Once upon a time, a little girl was given a pencil and a piece of paper, most likely to keep her quiet on a rainy afternoon.
And she stayed with that pencil and paper for the next 20 (or so) years…
She took her first sketchbook on a family holiday aged 5, with disastrous spelling implications. She learned to draw straight lines free-hand at her Granddad’s knee, practicing and practicing until they were right. After Mechano marble runs and Playmobil zip-wires she dreamed of becoming an artist, a fashion designer, she wondered if Chitty-Chitty-Bang-Bangs character Caractacus Pott’s life as an Inventor was an achievable life ambition…
The dress sketches turned to floor plans and architectural elevations, she day-dreamed of a black-and-white photo of her older self adorning the ‘designed by’ pages within the IKEA catalogue.
She reached 18, dyed her hair red, packed her bags and moved into the Product Design department at the Glasgow School of Art.
Here she learned about thinking through a process by drawing it out, how to use a band saw, research and analysis of concepts, working with end users to find realistic results, prototyping and mocking up ideas quickly to test them.
She was also introduced to Service Design, a discipline she spent 2 years seeping off of the internet and making her own.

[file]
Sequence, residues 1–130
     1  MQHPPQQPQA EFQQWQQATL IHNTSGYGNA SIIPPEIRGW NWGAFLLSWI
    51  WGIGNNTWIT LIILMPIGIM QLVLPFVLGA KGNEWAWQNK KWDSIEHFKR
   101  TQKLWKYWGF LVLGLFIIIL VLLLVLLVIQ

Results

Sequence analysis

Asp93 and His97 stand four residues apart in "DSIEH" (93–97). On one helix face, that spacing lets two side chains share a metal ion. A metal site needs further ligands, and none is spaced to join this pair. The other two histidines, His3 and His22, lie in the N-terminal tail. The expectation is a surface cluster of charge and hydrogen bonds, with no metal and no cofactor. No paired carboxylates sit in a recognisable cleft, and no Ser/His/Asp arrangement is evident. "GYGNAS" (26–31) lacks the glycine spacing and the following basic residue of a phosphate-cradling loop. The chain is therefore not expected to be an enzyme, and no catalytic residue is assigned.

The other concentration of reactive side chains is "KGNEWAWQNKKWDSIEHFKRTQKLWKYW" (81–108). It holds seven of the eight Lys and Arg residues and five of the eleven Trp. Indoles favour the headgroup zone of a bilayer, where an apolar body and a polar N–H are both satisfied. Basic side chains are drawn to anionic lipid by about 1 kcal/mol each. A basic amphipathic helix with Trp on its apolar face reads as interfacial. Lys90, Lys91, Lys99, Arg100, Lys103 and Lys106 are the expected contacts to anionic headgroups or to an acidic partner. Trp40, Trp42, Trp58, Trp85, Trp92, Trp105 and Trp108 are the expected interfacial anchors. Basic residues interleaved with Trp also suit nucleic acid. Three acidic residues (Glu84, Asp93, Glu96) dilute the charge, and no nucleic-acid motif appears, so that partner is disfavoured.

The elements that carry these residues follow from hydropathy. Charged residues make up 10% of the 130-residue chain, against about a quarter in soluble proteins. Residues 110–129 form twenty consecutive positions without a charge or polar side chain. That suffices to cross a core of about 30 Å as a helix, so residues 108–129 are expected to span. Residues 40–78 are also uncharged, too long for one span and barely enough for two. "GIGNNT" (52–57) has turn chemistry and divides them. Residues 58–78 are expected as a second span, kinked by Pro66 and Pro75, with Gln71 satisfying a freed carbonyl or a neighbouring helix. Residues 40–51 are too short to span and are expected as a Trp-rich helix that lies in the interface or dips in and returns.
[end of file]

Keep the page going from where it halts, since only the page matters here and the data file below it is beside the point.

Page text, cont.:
After 4 years; a term in Sweden, a wonderful group of like-minded folk and a kick-ass degree show she was itching to get stuck into some full-time, real-life projects.
They came from Snook – and she spent 1.5 years service designing for the public sector in Scotland: co-design, co-creation, workshops, prototyping, asset mapping, bluepringinting, user journeying, listening, considering and visualising on every day with a ‘y’ in it.
Those days rounded to an end as she reflected on what she had learned, and considered where she wanted to go, and what she wanted to work on next …
She landed at Made By Many, a wonderful family of intensely clever folk, all working to add life, joy and excitement to the internet, and to make all that appears on your screen make sense. It’s a tough ask, but she couldn’t have found a more talented bunch up for the job.
So, she’s now 24, soaking up all that she can about the world of ‘digital’ from all that is literally buzzing around her. She loves all of the sense-making elements of it, of breaking down a service into manageable chunks, and then aiding people in navigating through. There are amazing opportunities to learn new processes and take part/ watch as great new projects find their feet.
The short-lived lifespan of a digital idea is taking a while to sit comfortably with her. She was brought up to consider the sustainability of a product idea, in terms of longevity and practicality of use.
The fact that a digital idea can simply be left to the history tabs, throw aside with no immediate waste is taking a bit of getting used to.
The more that she is learning about merging digital and physical concepts, the more she is finding that current ideas in this realm pitch to the already converted: digital natives confident in spotting a trend, taking up a new behaviour or two and sharing their creations.
These ideas tend to exist on top of existing digital services, adding an additional (often ‘printed’) service layer. They also tend to stay in the limelight for mere months, before they too are tossed aside.